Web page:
On January 13, the SpaceX Transporter-3 mission launched many small satellites into a 540 km sun-synchronous orbit. Among these satellites were DELFI-PQ, a 3U PocketQube from TU Delft (Netherlands), which will serve for education and research, and EASAT-2 and HADES, two 1.5U PocketQubes from AMSAT-EA (Spain), which have FM repeaters for amateur radio. The three satellites were deployed close together with an Albapod deployer from Alba orbital.
While DELFI-PQ worked well, neither AMSAT-EA nor other amateur operators were able to receive signals from EASAT-2 or HADES during the first days after launch. Because of this, I decided to help AMSAT-EA and use some antennas from the Allen Telescope Array over the weekend to observe these satellites and try to find more information about their health status. I conducted an observation on Saturday 15 and another on Sunday 16, both during daytime passes. Fortunately, I was able to detect EASAT-2 and HADES in both observations. AMSAT-EA could decode some telemetry from EASAT-2 using the recordings of these observations, although the signals from HADES were too weak to be decoded. After my ATA observations, some amateur operators having sensitive stations have reported receiving weak signals from EASAT-2.
AMSAT-EA suspects that the antennas of their satellites haven’t been able to deploy, and this is what causes the signals to be much weaker than expected. However, it is not trivial to see what is exactly the status of the antennas and whether this is the only failure that has happened to the RF transmitter.
Readers are probably familiar with the concept of telemetry, which involves sensing several parameters on board the spacecraft and sending this data with a digital RF signal. A related concept is radiometry, where the physical properties of the RF signal, such as its power, frequency (including Doppler) and polarization, are directly used to measure parameters of the spacecraft. Here I will perform a radiometric analysis of the recordings I did with the ATA.
In my last post I spoke about the James Webb Space Telescope telemetry, and I decoded a recording I made with the Allen Telescope Array. I used an IQ sample rate of 3.84 Msps when doing this recording because I wanted to see if there were any ranging signals. Usually, ranging signals have a bandwidth of 1.5 MHz or less in baseband, so after phase modulation, approximately 3 MHz are used. Thus, 3.84 Msps gives enough bandwidth to record the typical ranging signals.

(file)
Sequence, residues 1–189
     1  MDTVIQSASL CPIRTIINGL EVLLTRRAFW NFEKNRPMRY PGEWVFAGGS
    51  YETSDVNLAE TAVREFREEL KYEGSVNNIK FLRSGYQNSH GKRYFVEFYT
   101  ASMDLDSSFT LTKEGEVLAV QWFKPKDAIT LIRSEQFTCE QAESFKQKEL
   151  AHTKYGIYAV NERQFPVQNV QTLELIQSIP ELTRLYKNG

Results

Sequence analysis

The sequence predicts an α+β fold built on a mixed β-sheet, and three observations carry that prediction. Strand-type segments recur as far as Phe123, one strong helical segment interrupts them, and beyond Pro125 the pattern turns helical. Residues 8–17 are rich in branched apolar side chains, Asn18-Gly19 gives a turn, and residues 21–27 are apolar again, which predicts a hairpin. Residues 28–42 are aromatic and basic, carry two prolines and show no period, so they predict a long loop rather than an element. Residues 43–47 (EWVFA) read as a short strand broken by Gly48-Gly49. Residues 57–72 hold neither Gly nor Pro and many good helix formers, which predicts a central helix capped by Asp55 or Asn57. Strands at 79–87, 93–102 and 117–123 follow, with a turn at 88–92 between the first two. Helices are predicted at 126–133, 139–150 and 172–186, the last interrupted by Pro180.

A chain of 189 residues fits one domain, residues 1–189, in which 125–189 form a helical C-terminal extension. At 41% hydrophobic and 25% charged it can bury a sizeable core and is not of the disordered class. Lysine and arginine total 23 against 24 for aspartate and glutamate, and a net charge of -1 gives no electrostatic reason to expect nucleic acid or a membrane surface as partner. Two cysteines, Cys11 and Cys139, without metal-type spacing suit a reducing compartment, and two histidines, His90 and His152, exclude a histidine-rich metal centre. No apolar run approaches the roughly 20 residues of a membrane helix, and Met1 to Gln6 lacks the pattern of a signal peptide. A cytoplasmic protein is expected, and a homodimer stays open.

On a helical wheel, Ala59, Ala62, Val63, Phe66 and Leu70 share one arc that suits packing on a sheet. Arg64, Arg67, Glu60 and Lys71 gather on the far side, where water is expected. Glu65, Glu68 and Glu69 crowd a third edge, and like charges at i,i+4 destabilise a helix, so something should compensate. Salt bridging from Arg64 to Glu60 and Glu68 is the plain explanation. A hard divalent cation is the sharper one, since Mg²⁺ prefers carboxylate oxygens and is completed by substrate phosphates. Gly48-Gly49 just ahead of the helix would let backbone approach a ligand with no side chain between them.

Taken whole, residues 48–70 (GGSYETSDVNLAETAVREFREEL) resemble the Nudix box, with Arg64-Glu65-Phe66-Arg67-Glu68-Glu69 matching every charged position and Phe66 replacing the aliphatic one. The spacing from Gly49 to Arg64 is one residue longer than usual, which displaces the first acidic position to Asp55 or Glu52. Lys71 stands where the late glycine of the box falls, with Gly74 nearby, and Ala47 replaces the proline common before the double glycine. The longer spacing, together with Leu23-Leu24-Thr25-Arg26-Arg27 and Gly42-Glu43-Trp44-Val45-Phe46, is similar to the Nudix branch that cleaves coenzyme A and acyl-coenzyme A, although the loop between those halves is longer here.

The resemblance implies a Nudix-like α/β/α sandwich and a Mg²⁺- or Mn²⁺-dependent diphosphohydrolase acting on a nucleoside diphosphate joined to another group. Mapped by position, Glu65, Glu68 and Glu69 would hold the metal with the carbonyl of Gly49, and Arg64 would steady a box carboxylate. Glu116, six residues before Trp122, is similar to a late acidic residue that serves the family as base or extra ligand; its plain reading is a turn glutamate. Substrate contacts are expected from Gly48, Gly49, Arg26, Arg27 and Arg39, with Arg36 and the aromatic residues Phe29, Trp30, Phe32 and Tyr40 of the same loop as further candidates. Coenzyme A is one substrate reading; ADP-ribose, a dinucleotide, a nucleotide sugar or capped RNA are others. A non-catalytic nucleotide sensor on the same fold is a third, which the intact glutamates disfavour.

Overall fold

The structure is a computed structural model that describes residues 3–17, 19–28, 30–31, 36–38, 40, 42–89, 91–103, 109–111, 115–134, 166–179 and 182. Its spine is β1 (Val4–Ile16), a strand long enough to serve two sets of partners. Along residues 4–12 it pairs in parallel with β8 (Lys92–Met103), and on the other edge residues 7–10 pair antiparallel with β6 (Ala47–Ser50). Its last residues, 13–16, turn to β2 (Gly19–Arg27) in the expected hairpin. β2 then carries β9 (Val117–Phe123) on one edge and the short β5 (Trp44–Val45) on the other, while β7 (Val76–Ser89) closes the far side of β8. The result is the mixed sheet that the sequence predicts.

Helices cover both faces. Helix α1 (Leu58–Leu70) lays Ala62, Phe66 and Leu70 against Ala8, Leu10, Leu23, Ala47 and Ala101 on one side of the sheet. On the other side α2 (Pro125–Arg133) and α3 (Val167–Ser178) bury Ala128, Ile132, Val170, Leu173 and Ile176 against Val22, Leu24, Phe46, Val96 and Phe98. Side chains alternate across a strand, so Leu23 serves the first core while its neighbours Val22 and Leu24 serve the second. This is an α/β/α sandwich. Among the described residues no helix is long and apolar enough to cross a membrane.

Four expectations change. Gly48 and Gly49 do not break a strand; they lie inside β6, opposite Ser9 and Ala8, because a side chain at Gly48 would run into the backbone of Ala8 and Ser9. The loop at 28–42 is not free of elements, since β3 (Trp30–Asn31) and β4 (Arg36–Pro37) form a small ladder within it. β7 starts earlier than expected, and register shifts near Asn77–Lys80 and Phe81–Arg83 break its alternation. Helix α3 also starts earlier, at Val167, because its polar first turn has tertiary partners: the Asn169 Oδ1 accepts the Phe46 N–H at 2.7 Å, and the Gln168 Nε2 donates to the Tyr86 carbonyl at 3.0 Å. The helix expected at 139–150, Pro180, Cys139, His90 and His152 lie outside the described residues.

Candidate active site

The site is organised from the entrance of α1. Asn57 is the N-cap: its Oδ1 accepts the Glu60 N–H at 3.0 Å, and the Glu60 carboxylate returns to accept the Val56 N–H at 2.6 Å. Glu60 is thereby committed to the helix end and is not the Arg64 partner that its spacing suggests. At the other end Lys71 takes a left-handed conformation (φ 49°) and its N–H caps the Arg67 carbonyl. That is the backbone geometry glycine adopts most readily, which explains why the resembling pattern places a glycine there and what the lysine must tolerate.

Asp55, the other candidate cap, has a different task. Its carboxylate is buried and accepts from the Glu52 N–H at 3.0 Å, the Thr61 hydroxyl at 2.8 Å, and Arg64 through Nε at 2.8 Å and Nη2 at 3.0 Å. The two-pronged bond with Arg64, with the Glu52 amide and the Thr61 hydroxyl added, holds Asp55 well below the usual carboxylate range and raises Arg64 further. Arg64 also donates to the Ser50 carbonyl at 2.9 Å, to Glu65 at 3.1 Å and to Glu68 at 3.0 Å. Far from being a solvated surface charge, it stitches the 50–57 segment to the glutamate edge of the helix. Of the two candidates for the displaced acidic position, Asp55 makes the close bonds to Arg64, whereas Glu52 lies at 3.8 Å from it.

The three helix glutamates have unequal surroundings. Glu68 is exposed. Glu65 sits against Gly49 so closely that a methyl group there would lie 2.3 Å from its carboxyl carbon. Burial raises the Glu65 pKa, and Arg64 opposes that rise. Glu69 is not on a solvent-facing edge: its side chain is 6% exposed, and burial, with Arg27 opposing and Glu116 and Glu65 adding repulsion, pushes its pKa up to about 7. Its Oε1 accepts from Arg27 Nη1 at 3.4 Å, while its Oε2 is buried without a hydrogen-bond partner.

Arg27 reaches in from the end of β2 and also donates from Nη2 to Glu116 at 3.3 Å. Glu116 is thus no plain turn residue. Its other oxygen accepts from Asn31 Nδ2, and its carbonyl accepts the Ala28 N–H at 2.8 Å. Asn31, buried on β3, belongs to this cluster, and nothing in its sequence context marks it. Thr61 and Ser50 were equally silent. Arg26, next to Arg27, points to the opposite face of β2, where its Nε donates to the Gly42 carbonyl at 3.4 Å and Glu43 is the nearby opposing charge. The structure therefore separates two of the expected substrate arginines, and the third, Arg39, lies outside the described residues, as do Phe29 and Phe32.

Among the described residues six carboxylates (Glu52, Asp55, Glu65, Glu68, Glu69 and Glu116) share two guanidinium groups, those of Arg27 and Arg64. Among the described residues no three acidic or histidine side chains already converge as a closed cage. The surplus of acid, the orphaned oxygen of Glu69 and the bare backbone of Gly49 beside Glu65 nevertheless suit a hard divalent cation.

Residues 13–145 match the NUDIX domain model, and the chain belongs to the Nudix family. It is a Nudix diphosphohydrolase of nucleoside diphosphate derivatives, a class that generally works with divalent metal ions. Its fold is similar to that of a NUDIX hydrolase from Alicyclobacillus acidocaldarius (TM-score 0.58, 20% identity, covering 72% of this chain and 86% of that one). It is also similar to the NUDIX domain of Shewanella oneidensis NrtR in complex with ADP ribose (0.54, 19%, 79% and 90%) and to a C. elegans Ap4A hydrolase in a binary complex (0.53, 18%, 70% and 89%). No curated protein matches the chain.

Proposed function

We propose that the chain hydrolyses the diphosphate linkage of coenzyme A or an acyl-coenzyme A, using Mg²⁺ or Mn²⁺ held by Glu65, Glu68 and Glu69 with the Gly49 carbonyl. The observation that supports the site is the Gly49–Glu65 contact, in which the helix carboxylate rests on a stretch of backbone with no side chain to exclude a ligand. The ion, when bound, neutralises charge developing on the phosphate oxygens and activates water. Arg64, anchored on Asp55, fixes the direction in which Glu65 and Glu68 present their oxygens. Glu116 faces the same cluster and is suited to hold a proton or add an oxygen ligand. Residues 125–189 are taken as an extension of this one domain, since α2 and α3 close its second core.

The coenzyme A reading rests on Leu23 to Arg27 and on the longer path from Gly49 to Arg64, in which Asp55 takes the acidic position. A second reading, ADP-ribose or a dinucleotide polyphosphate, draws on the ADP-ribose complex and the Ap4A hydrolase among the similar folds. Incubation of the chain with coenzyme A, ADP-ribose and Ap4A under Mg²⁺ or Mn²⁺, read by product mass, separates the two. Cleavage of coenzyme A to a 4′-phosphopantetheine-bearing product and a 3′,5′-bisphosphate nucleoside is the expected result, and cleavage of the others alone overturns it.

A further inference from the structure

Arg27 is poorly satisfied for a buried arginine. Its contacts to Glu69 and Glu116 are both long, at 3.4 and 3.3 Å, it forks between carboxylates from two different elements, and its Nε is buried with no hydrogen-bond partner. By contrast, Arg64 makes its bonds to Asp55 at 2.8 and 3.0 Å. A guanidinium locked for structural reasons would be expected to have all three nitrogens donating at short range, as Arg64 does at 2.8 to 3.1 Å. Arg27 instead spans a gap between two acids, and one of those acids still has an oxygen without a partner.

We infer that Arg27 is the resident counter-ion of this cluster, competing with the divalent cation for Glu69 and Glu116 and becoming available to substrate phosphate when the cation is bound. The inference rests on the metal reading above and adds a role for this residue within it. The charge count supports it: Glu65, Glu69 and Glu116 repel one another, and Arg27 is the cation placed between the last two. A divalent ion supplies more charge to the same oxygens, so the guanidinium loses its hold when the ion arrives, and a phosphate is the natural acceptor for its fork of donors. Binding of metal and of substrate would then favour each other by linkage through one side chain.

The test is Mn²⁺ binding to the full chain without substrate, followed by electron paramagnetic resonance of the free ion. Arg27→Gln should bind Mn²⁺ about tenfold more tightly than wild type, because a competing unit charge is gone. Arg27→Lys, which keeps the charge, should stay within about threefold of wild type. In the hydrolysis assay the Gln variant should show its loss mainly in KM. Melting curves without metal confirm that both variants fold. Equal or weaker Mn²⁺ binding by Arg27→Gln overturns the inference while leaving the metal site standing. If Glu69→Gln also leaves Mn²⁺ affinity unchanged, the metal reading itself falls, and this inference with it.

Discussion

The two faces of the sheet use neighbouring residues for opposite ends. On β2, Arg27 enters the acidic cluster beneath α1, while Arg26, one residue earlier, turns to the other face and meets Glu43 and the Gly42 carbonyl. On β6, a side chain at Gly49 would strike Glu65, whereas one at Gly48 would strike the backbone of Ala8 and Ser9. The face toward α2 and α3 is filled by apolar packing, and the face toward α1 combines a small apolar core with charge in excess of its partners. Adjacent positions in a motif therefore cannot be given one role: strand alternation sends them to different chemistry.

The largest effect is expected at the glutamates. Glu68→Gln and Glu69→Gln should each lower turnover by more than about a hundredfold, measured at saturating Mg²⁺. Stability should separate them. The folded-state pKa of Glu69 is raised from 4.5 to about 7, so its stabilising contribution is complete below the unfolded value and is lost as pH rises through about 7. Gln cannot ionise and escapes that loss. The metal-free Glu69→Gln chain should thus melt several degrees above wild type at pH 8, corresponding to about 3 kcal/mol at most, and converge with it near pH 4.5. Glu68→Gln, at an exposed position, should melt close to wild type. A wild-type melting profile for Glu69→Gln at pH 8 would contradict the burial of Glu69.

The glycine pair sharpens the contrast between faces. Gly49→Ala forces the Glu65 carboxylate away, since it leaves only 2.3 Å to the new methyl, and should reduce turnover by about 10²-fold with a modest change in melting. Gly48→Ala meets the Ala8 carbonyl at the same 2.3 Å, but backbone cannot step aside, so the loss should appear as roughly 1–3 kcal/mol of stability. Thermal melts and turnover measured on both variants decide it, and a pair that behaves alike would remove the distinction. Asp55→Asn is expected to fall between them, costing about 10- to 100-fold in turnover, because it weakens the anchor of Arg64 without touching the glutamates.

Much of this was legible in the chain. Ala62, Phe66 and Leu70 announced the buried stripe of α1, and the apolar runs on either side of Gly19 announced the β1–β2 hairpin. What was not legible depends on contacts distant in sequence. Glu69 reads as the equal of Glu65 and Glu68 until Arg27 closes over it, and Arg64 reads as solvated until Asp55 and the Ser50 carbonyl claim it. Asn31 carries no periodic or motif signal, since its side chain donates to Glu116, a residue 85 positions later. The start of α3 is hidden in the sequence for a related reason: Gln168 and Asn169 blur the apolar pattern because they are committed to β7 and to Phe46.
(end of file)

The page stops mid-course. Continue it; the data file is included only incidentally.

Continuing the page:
After looking at the waterfall of the recording carefully, I saw that there are sequential ranging signals present almost all the time. This is expected. Since the recording was done 7 hours after the first correction manoeuvre, the DSN would be doing ranging to compute accurate ephemerides. Often, ranging signals are not used every time that a spacecraft is tracked, but only when the ephemerides need to be refined, such as when planning a manoeuvre or shortly after executing one.
In this post I analyse these sequential ranging signals. I still haven’t had time to publish the recordings in Zenodo. After seeing that the wideband recording is of interest, due to the presence of these signals, I’m planning to publish a shorter segment of the wideband recording (the full recording is 241 GB per polarization) and publish a decimated version of the full recording where only around 100 kHz of spectrum are present (which is enough for the telemetry signal).
The James Webb Space Telescope probably needs no introduction, since it is perhaps the most important and well-known mission of the last years. It was launched on Christmas day from Kourou, French Guiana, into a direct transfer orbit to the Sun-Earth L2 Lagrange point. JWST uses S-band at 2270.5 MHz to transmit telemetry. The science data will be transmitted in K-band at 25.9 GHz, with a rate of up to 28 Mbps.